To quote today’s Financial Post, “the days of getting any sort of discount on a variable rate mortgage are over — again.”
Prime has stood at 3% at most major financial institutions, therefore the discount has meant a rate as low as 2.1% this year.
This discount has been shrinking for sometime however, and as of the past 10 days has disappeared altogether at the major banks.
The discount has not disappeared like this since the credit crisis of 2008. Consumers at the time were paying 100 basis point premium above prime for a floating rate.
With the disappearance of the discount on variable rate mortgages, we will see a new trend emerge on the horizon. Consumers will be less likely to gamble on mortgage rates and more likely to lock in.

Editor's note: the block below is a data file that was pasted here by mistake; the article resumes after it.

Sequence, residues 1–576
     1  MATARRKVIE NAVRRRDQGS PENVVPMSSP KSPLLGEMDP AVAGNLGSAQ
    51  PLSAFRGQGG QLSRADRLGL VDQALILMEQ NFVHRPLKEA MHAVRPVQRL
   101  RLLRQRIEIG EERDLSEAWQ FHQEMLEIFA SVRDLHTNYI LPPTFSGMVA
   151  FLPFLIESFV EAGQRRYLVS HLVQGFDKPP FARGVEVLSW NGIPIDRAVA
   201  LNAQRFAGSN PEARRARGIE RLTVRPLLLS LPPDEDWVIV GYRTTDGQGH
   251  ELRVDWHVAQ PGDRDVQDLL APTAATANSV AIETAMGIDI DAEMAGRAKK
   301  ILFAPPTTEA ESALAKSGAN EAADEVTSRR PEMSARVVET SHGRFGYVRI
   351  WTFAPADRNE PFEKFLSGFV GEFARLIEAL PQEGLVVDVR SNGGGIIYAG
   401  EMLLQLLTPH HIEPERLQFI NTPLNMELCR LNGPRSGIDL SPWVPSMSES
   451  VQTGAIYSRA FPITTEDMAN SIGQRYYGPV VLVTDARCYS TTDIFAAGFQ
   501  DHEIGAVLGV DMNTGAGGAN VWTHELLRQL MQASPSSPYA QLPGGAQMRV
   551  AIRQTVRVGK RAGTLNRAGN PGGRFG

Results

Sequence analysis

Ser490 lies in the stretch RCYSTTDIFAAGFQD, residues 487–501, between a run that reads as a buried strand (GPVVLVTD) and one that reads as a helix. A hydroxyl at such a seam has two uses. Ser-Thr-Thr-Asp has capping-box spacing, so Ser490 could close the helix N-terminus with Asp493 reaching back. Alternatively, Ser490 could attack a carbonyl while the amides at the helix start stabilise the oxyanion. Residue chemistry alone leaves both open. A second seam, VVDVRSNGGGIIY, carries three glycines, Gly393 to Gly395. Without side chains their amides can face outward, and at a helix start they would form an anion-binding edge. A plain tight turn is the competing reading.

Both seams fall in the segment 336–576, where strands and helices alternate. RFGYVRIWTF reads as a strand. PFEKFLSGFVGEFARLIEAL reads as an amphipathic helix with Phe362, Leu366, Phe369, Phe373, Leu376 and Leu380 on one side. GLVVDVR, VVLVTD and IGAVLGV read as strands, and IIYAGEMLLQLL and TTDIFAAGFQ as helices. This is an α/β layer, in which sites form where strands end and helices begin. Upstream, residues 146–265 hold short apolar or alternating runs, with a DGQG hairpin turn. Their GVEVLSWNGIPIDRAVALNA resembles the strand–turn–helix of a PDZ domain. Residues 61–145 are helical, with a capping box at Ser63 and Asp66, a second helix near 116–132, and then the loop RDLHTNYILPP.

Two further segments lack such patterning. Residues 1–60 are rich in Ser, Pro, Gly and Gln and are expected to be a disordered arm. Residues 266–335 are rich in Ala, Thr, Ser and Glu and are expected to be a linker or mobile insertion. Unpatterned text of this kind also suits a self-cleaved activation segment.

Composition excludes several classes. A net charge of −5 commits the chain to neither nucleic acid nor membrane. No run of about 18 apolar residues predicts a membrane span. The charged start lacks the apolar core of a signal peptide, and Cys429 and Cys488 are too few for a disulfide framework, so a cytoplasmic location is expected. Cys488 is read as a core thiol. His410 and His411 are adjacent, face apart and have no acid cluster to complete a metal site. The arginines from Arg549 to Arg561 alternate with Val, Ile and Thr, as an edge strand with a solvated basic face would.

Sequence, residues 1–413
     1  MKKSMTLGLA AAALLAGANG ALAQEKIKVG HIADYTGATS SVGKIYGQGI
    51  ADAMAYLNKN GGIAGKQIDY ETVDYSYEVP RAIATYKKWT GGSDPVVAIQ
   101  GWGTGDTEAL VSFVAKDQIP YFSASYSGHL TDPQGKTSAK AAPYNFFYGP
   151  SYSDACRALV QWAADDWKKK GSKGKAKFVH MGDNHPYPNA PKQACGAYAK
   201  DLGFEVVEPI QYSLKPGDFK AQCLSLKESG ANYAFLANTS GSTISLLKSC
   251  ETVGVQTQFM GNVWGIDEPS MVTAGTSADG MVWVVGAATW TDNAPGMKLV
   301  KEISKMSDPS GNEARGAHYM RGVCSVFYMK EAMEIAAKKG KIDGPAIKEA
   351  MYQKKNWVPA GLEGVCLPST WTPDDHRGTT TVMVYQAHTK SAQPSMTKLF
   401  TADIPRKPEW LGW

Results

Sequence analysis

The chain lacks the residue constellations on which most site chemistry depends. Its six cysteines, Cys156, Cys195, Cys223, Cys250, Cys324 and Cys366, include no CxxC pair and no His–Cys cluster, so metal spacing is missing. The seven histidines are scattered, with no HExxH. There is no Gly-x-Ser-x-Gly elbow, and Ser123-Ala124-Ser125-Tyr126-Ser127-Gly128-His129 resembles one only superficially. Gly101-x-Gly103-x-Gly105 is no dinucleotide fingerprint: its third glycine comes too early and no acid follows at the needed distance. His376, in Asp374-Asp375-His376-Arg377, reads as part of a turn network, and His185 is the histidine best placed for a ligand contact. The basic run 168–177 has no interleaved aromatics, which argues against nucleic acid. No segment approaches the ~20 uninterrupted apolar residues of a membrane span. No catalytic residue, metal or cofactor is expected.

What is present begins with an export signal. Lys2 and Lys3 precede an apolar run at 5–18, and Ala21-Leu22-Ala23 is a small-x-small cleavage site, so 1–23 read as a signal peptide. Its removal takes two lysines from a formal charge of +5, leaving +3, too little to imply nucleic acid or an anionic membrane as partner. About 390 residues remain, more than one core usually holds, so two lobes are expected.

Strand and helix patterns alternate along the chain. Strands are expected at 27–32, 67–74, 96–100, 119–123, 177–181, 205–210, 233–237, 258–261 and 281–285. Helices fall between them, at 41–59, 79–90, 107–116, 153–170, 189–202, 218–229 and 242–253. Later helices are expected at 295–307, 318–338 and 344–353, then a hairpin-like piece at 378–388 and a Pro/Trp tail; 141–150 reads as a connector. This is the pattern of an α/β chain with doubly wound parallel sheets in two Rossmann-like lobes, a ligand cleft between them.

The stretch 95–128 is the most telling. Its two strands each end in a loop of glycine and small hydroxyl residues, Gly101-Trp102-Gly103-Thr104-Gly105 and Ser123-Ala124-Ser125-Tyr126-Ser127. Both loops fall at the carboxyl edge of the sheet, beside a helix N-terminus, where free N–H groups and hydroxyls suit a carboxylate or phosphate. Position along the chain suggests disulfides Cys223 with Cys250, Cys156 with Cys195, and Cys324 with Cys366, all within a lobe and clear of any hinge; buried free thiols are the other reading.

The Canadian Association of Accredited Mortgage Professionals says 37% of consumers opted for variable rate mortgages over the last year, bringing the total percentage of those with a floating rate to 31%.
By locking in, consumers can qualify for a larger loan. Consumers can use the rate on their contract to qualify for a mortgage as opposed to the current five-year posted rate of 5.39%.
To quote again, “Farhaneh Haque, director of mortgage advice and real estate secured lending with TD Canada, says she’s already seeing the effects as people shy away from variable.” TD Canada is not currently offering any discount on prime.
“The stability it offers with a low rate makes it more affordable.”
To read further into this, see the article on the Financial Post.
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